Ipswich tops list of urban wildlife hot-spots with over 3,000 species
- Credit: citizenside.com
Ipswich is home to more species of wildlife than any other major town or city in the East of England, a new study has revealed.
According to figures drawn from the National Biodiversity Network (NBN) atlas, 3,709 species can be found in Suffolk’s county town including 1,605 species of insect, 193 bird species, 38 species of mammal and 23 species of fish.
This tally saw Ipswich top a list drawn up by Farawayfurniture.com, which collated data from the NBN atlas’s ‘explore your area’ tool by setting the radius to 2km and selecting the major cities and towns found in the region.
Colin Hullis of Ipswich Wildlife Group says he’s not surprised by the findings and says Ipswich has over 40 wildlife sites within its boundary.
Soon adds up
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“If you think of the number of parks for a start - Christchurch Park, Holywells Park, Chantry Park and Bourne Park - all of these are huge parks and have wildlife areas,” he said.
“Then there’s Belstead Park, which has Spring Wood, which is an ancient woodland and Kiln Meadow, which was at one time home to one of the largest toad colonies in the country. There’s a toad patrol going on there at the moment and you can see all kinds of amphibian life there, such as frogs and newts.
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“There’s dormice, nightingales, otters, grass snakes, trout and evidence of water voles has been found - all in one small area. Once you start counting, it soon adds up.”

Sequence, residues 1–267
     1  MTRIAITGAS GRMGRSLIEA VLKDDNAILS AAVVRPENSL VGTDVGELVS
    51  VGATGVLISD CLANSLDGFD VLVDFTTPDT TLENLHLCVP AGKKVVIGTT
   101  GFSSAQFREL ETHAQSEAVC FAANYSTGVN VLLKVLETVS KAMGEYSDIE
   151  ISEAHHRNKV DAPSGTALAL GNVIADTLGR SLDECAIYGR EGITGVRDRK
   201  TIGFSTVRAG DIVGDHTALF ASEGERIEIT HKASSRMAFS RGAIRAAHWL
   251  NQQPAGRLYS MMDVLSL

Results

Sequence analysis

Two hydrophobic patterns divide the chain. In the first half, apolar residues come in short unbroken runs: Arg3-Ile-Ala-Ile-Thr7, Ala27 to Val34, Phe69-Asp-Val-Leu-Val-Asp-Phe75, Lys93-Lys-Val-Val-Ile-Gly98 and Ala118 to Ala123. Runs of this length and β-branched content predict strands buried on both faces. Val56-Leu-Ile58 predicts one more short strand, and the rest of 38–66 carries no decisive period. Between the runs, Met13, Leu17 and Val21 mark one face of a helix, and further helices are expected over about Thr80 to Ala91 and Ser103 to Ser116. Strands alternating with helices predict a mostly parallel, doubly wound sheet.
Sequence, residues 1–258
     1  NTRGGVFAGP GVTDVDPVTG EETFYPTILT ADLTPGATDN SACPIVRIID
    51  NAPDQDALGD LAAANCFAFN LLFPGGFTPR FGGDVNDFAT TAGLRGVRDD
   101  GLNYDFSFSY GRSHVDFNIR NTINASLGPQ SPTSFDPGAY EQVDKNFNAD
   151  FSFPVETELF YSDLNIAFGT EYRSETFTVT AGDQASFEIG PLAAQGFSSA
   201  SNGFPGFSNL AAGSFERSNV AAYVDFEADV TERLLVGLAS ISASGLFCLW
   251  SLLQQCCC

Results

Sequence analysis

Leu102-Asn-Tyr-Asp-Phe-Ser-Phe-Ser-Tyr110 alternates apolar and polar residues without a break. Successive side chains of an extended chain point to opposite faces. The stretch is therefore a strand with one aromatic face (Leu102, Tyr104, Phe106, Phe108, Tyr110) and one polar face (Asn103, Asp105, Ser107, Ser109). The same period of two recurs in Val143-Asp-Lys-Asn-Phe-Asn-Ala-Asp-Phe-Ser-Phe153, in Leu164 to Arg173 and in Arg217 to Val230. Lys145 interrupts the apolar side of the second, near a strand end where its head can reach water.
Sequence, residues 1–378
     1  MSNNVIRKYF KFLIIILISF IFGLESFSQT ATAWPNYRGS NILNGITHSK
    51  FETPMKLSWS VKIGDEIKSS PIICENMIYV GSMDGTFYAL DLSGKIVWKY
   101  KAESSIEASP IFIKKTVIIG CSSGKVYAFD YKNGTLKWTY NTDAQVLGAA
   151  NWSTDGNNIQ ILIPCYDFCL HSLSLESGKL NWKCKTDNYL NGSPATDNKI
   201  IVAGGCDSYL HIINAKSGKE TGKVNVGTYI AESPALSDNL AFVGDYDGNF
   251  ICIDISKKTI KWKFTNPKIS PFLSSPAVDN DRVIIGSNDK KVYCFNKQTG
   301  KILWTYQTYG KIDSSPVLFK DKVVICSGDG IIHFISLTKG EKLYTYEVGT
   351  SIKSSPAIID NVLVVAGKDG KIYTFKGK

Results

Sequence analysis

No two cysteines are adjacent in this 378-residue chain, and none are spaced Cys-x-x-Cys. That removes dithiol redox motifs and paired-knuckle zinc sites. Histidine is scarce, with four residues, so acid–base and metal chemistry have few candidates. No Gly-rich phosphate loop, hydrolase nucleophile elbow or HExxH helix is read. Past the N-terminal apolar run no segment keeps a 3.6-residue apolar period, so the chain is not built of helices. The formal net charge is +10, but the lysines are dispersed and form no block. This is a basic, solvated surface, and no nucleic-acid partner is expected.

Lowestoft was found to be the second most species-rich urban area in the study with 2,435 species, while Bury St Edmunds came third with 2,430. Colchester was shown to be home to 1,267 species, Norwich has 814, while Thurrock and Clacton-on-sea seem to be the least biodiverse with 201 and 256 species respectively
Mr Hullis said wildlife can be found all around Ipswich, even right in the centre and pointed to Alderman canal next to Portman Road as one example.
“There’s an area there where more than 100 southern marsh orchids regularly grow. I’ve seen muntjac deer, kingfishers and mullet there – all within 100 yards of the football ground.”
He said nesting peregrine falcons on the Waterfront and Orwell Bridge, and Mabel, the well-known tawny owl who lives in an oak tree in Christchurch Park, were other examples of Ipswich’s rich and diverse wildlife offering.
People power also plays a part, he said, with a number of nature groups including the Greenways Countryside Project, Ipswich Wildlife Group, The RSPB and Suffolk Wildlife Trust all working to help wildlife and look after habitats in the town
“Ipswich seems to be very strong in terms of the volunteer force it can muster,” added Mr Hullis.